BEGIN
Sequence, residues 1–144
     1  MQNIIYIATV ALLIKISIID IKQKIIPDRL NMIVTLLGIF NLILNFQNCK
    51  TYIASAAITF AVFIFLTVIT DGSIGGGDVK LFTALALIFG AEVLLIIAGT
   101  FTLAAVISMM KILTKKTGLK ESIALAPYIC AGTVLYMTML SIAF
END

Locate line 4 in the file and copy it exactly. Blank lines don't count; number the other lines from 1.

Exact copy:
   101  FTLAAVISMM KILTKKTGLK ESIALAPYIC AGTVLYMTML SIAF